http://www.gatorcountry.com/wp-content/uploads/2013/08/Fowler_Dante_Florida_Football_LSU_2012-150x150.jpg Richard Johnson FeatureFootball ,,,,
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Florida sophomore Dante Fowler Jr. may have more in common with Loucheiz Purifoy than you think. Yes, they will both start on defense for the Gators this fall and they both contributed on the unit last season as well. But what if I told you that Fowler shared Purifoy’s two-way ability?

“Actually my best run was my first touchdown. It was only 1 yard, but it was the best day of my life. After my junior year, I started the last three games [at running back] and I scored like five touchdowns, so I thought I was Reggie Bush or somebody,” Fowler said. “Going into my senior season I was looking forward to playing running back, but I ended up getting hurt. So my dad said I couldn’t play anymore. So that crushed my whole entire senior season.”

Ok, so maybe dreams of RB for Dante Fowler are from a bygone era. Luckily, for Florida’s purposes, the sophomore decided to concentrate all his efforts on playing defensive line in high school, and as he entered college, despite being almost 280 pounds, fit into Will Muschamp’s scheme at the hybrid linebacker/defensive end position called the BUCK. His offensive pedigree gives him a unique perspective at the position.

“I feel like with me being able to play running back and stuff like that, it kind of helps me read the offense, like because I know what they’re going to do sometimes or what they’re getting into or stuff like that. I can take advantage,” Fowler said.

As a freshman, Fowler split time with Lerentee McCray and produced to the tune of 30 tackles and 2.5 sacks. Fowler also had eight tackles for loss, tied for third most on the team last season. As productive as he was, he was still a backup based on the depth chart, it’s a role he used as a learning experience.

“I was a freshman, so I had to play a freshman role. I wasn’t really expecting to come in here and start and be a big-time defensive end. I would have liked that, but I just came in and did what I was supposed to do to become a great defensive end,” Fowler said.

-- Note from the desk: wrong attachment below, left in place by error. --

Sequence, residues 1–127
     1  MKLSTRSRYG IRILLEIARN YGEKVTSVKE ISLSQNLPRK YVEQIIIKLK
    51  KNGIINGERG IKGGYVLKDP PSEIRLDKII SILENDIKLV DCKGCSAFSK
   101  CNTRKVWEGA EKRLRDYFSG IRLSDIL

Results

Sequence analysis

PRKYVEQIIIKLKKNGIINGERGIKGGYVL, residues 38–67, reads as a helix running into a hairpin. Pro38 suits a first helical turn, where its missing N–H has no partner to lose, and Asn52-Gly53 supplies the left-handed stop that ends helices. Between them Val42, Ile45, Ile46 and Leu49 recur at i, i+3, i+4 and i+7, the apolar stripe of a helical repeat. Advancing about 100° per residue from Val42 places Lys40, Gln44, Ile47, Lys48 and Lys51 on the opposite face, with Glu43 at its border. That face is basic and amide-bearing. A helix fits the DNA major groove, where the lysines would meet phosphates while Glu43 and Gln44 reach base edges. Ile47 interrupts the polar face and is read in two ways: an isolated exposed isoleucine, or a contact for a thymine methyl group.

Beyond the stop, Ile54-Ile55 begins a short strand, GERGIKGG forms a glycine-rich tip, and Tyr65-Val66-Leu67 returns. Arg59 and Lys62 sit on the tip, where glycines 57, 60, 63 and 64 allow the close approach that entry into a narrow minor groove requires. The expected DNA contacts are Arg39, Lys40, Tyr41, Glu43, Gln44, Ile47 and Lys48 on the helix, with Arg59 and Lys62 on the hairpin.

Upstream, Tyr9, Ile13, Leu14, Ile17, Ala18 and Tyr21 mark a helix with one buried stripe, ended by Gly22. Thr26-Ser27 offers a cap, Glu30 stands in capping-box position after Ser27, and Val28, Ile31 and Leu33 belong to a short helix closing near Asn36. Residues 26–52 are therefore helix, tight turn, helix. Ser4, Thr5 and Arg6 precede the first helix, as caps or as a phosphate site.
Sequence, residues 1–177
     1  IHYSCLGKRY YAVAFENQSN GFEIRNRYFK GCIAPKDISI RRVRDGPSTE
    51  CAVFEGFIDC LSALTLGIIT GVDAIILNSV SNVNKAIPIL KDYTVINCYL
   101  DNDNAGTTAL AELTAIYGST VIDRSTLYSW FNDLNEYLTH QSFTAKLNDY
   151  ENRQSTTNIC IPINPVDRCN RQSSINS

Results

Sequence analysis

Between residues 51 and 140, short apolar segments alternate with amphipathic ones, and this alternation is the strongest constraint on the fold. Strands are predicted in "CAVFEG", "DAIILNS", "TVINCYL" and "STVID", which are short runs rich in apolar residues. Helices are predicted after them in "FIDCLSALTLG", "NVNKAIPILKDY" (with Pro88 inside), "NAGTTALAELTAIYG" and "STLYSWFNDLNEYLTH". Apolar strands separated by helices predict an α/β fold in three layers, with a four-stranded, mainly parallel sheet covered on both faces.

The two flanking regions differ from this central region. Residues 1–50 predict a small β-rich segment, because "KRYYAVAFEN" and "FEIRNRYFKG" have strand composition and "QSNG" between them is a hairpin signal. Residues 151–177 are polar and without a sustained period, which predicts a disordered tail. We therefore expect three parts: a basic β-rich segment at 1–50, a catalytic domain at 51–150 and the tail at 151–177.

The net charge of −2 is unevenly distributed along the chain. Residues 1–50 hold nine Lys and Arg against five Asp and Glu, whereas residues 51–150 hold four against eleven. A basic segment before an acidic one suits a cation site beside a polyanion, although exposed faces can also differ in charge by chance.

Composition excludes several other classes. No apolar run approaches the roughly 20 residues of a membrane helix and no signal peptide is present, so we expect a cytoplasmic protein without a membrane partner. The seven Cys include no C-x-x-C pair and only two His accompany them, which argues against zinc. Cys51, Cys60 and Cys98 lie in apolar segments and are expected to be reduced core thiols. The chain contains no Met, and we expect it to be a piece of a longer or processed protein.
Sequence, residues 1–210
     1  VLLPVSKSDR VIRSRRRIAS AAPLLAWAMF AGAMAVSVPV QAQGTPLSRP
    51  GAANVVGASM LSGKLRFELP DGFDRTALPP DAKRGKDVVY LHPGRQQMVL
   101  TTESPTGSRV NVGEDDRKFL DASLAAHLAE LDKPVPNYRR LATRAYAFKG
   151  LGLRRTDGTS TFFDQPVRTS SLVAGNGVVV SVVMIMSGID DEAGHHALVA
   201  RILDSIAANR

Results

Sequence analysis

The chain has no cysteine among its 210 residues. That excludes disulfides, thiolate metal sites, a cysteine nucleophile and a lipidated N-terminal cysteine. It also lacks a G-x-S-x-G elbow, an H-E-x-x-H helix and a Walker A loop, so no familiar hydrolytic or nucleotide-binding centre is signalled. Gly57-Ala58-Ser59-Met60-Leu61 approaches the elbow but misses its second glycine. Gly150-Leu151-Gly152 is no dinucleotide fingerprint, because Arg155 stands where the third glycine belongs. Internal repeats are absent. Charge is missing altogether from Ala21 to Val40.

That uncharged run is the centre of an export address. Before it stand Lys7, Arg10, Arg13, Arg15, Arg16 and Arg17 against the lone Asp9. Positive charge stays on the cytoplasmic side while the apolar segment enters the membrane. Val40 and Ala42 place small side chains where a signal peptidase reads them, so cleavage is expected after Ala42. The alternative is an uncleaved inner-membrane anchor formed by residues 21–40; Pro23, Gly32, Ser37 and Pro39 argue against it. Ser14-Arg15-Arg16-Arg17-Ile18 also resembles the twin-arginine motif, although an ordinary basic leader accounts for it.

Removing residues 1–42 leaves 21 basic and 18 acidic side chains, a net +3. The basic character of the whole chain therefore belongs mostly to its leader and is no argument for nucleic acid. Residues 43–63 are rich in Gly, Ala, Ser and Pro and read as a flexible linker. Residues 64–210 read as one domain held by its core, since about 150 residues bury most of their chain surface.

With McCray graduating, the position is Fowler’s to take over.

He has also developed a relationship with defensive tackle John Bullard. The two plan on joining forces this season, you can call them: The Bash Bros.

“Jon-Jon is like my brother. That’s just how it is. We were two good guys coming out of high school and we told each other we’re just going to have to face the fact of us being compared to each other a lot,” Fowler said.

His fellow Bash Bro saw time as a freshman as well, making 27 tackles and starting two games while appearing in every game last season. Bullard gave some background on where the nickname came from.

“We were sitting around and talking one day, talking about the future we could have together. He just came up with that. I was like, ‘yeah that has a good ‘twang to it,’” Bullard said. He went on to praise Fowler for his physical tools. “I mean the guy has great hips. I work on mine but his I can say are great. Even when he does stuff, I watch it and I talk to him about it but like I said, last year I was more of a set the edge, run guy and he just has natural hips, he’s got great hips.”

The hips aid Fowler in dropping into pass coverage — the hybrid aspect of the BUCK position most defensive ends don’t do. Fowler quipped about always dreaming of playing corner and even worked with defensive backs coach Travaris Robinson on reading receivers to aid his coverage abilities.

While he won’t be matching up with the Malcolm Mitchells and Amari Coopers of the SEC — that’s something he’ll leave up to Purifoy. The need to drop back into coverage on a zone blitz matched up against a tight end, or leak out into the flats and pursue a running back that just received a dump off, is an occupational hazard of playing the BUCK position.

Pass coverage is something he takes seriously and so is getting after the passer and getting sacks. But while he’s been working on his individual craft this offseason in all phases of the game, he knows he’s just part of a bigger picture.

“I really don’t have any sack totals. Whatever I can do to be productive and help our team win and get to the SEC championship.”